High spending Chinese students shun UK

Press Release, 15 January 2013, ExEd Survey

 High spending Chinese students shun UK

Two new surveys published today show that 2 in 5 high value Chinese school students have ditched the UK as their preferred place to study in favour of other places such as the US, Canada and Australia.  The surveys will add to the concern about the drop in the number of applications to UK universities from international students.

The surveys were commissioned by Exporting Education UK (ExEd UK) and conducted by OC&C Strategy Consultants. The first survey of Chinese high school students on British education courses in China examined their decisions around where to undertake higher education. The second survey examined the spending of international students while in the UK.

The first survey revealed that over the last 12 months only 60% of those Chinese high school students who previously preferred the UK as a destination for university still do. The key reasons for switching from the UK included recommendations from friends and/or family members (mentioned by 51% of those students who had switched), recent changes to visa regulations (46%), recommendations from school counsellors (38%) and the weak economic outlook in the UK (30%).

Evidence from the second survey concerning the spending levels of international students while in the UK make this even more worrying since the Chinese students are revealed as amongst the highest spenders. Chinese students said they spend £543 per week compared to £252 for UK students. Respondents to the survey said they spend on average approximately £15,000 per year while in the UK – broken down into £9,400 spent on accommodation and utilities and £5,600 per year on food, entertainment and other expenses.

The survey also shows that each student typically has 3.3 visitors per year. Figures from the Tourism Alliance show that Chinese visitors typically spend £866 per person per trip, substantially higher than the average spend of £580 per person, equating to an average visitor spend of £2850 per student.

Commenting on the findings, Graham Able, Chairman and founding member of ExEd said:

“This is very serious news for UK plc. The UK should be viewed as a prime destination for Chinese and international students, but instead these high value students are opting for other countries in significantly high numbers. With an average annual spend of £15,000 per student and approximately £2850 in spend by their visitors they are a crucial asset to the UK economy.”

Fraser White, Executive Chairman of Dulwich College Management International and founding member of ExEd, commented:

“UK education is one of the few areas of the UK economy where we still can boast world leading brands such as Oxford, Cambridge, Imperial UCL and the other Russell Group universities.   What is particularly concerning is that the survey shows that In China our universities are losing out to other markets.  Even those Chinese students who have chosen British curriculum courses in China which prepare them for UK universities, are choosing alternative overseas markets such as the USA, Canada and Australia for their tertiary education.  What is particularly worrying is that once we lose these students to universities in our competitor markets we lose not only the direct benefit of the GBP 14 billion a year which these international students contribute to the economy and the additional high spending accompanying visitors to the country but far more damaging to our future is that we lose the long term bond, which an education experience creates, between the UK and what will be one of the most important economies in the world.  This concrete link with the Chinese business and political leaders of the future will not easily be recovered.”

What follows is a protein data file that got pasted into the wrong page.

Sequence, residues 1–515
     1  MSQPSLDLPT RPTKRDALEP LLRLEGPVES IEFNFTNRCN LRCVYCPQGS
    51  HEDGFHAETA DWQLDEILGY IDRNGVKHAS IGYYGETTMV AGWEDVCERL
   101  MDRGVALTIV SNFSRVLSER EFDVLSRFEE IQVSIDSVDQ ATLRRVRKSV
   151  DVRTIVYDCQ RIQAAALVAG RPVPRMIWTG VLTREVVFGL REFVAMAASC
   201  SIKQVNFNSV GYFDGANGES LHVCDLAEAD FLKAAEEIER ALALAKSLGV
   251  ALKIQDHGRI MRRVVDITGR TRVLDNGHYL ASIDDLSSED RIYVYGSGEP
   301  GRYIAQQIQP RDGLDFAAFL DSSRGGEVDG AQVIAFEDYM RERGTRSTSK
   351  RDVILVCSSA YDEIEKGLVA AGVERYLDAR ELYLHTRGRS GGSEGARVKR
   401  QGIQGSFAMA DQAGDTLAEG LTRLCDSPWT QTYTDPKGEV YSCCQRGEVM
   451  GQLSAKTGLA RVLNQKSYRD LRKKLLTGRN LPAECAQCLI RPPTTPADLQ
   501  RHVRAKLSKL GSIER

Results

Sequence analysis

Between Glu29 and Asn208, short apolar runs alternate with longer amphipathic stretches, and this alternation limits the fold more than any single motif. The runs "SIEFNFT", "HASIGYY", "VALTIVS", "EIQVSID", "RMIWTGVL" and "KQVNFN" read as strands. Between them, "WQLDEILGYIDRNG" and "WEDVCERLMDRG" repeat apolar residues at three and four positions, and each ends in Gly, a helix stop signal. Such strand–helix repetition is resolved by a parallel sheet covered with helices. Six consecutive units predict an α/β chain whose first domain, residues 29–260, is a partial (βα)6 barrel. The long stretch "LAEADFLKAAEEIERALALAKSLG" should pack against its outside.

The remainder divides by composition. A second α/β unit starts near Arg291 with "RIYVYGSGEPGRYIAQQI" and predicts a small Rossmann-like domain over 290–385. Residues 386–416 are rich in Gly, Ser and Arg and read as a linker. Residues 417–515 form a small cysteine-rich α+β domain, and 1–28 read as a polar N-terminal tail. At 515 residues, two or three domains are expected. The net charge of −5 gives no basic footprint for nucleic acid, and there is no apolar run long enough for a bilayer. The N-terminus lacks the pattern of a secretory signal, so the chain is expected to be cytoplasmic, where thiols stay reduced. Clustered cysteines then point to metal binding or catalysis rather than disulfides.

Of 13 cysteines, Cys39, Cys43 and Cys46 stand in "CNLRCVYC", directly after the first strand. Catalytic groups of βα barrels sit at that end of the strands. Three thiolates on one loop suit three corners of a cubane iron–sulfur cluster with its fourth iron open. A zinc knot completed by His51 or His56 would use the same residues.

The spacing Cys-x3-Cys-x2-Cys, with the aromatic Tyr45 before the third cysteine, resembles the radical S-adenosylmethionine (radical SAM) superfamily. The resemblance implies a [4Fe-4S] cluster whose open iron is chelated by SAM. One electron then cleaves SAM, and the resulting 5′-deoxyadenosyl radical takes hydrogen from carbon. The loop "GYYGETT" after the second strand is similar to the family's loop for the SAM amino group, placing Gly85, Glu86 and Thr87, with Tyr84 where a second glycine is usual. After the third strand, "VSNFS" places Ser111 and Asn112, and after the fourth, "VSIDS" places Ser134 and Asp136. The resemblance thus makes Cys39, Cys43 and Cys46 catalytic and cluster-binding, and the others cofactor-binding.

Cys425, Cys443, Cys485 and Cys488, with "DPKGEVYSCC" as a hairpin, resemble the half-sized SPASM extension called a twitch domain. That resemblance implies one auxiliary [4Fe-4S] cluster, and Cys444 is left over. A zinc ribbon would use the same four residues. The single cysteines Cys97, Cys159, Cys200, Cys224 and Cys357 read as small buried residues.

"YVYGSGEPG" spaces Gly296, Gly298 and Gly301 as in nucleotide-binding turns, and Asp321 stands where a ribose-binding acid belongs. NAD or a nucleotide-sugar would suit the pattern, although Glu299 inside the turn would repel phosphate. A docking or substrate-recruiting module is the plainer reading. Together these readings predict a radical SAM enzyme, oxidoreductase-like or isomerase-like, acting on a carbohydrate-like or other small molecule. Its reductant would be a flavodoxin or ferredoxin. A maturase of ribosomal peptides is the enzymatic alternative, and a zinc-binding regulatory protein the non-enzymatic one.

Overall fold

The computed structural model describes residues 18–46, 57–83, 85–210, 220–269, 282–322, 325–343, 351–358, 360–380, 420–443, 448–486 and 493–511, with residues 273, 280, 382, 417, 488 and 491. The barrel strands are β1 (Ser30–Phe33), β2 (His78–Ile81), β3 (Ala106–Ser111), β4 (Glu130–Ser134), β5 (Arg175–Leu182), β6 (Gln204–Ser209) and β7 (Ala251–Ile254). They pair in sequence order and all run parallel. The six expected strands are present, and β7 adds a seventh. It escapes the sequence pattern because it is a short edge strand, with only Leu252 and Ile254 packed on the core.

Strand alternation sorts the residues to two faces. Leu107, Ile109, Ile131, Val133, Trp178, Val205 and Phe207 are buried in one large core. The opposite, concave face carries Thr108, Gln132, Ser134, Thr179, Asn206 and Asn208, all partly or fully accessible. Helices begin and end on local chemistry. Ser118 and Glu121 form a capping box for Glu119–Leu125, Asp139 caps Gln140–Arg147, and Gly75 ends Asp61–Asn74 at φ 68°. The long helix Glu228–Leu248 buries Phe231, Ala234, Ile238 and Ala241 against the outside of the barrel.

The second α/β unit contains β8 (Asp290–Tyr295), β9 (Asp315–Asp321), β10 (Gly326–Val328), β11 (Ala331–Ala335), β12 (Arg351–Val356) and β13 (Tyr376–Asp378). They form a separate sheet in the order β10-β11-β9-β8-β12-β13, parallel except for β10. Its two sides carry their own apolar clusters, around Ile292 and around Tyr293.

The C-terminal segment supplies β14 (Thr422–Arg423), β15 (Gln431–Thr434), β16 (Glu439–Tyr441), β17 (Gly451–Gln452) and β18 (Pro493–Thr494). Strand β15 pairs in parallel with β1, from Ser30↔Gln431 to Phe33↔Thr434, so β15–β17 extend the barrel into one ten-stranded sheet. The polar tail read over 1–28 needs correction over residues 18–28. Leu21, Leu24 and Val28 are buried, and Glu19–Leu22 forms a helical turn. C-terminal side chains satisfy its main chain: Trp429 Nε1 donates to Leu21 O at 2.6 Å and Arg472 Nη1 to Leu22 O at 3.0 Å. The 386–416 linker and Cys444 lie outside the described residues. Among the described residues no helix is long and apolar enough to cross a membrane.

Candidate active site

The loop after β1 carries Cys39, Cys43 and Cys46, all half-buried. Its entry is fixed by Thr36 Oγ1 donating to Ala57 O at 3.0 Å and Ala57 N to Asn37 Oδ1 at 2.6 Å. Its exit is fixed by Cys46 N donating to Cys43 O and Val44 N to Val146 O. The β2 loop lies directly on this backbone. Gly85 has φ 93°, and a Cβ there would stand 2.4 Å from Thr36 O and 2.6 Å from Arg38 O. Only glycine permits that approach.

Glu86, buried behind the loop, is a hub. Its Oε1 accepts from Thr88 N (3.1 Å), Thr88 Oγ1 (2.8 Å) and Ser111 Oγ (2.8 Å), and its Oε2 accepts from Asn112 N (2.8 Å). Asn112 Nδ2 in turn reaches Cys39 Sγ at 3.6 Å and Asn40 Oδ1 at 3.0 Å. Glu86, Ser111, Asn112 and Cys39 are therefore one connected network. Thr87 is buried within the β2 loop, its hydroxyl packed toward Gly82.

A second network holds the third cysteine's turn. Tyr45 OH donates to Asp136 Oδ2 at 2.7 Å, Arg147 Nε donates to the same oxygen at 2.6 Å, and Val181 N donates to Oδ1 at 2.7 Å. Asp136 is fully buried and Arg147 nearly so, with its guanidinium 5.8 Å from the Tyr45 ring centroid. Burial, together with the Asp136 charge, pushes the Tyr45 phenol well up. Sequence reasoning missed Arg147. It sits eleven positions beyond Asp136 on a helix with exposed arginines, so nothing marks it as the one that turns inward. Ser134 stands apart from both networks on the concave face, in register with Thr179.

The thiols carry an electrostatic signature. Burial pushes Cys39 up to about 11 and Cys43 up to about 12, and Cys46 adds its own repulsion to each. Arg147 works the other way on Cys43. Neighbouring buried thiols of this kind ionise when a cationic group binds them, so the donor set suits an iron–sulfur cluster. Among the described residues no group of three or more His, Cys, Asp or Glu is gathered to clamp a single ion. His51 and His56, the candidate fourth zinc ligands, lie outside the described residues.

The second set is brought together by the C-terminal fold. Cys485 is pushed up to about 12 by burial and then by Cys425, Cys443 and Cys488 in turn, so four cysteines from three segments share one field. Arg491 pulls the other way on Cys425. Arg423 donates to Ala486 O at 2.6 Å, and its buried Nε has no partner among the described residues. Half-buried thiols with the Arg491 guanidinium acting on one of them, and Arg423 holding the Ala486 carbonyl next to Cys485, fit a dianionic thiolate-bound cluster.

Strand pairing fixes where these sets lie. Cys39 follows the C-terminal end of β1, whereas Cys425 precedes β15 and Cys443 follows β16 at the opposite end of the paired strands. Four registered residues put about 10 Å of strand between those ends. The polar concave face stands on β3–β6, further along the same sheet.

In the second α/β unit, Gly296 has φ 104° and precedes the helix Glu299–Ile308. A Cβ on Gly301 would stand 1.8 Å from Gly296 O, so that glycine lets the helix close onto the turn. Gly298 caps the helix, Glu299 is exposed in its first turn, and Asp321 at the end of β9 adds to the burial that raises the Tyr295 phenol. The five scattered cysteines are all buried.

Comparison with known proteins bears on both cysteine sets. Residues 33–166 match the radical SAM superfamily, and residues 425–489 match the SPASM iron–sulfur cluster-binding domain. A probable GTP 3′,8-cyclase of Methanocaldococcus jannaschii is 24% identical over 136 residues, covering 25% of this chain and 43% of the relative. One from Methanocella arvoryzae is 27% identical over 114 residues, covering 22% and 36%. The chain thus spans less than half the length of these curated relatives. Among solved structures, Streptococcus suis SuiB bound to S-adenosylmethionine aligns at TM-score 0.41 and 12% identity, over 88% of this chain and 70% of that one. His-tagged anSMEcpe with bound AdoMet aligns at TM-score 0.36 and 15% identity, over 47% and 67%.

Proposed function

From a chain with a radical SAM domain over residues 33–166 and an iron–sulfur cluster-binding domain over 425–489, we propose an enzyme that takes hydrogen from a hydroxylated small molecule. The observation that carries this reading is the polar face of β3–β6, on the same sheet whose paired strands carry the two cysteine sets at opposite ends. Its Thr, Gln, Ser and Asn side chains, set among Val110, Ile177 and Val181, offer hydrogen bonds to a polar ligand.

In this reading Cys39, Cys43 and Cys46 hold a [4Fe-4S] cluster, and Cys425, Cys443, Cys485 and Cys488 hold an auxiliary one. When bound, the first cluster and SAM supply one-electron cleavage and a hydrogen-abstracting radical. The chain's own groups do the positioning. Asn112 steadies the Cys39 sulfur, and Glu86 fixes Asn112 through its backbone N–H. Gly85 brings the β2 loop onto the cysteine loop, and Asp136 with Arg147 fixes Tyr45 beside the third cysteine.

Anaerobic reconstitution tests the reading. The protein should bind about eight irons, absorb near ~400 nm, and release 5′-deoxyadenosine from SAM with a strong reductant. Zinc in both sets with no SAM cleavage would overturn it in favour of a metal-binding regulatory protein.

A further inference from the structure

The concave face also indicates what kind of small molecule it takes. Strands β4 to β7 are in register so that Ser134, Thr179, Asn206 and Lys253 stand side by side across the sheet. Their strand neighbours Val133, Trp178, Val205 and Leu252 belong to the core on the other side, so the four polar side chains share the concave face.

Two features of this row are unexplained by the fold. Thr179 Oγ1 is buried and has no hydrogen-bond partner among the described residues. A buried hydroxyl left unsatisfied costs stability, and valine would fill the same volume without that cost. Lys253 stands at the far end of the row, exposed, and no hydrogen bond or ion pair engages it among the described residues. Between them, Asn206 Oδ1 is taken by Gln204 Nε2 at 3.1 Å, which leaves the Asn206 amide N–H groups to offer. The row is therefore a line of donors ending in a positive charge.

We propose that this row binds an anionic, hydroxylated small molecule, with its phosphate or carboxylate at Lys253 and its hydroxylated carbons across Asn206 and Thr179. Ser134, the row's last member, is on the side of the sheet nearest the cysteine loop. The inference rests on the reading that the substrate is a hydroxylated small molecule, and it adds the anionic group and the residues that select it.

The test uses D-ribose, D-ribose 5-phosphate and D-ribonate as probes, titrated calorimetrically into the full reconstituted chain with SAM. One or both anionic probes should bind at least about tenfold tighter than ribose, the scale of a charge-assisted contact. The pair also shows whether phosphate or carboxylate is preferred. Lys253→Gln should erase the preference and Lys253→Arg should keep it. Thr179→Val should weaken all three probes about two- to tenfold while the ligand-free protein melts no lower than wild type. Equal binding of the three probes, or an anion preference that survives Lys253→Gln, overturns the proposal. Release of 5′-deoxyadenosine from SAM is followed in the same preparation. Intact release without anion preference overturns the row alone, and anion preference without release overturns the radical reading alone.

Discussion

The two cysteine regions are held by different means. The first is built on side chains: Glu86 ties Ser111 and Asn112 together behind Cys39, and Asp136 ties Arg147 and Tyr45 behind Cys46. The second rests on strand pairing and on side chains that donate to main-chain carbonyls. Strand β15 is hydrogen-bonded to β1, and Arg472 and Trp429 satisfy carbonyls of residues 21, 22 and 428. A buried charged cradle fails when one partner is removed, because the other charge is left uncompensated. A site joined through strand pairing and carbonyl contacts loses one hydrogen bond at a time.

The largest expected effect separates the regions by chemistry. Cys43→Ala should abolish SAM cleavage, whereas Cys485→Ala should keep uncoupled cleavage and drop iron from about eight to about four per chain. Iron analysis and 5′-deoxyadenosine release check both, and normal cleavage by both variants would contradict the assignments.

Mark Jeynes of OC&C Strategy Consultants, who conducted the survey, said:

”Whilst the UK continues to be the second most popular destination for international students, it is clear that UK universities continue to face fierce competition from higher education institutions in other Western markets, most notably the US.  The fact that a high proportion of Chinese high school students who previously preferred the UK as a destination for higher education study are now targeting other markets represents a real ‘wake-up call’ for the sector and the government.”

 

Notes to Editors:

The surveys were commissioned by Exporting Education UK (ExEd UK) and undertaken by OC&C Strategy Consultants. The first survey of 537 Chinese high school students on British education courses in China examined their decisions around where to undertake higher education. The second survey of 639 international students studying at institutions in the UK assessed their spending patterns while in the UK.  Both surveys were conducted over the period November 10-25, 2012.  Further detail from the surveys is available on request.  Further information about OC&C can be found here: www.occstrategy.com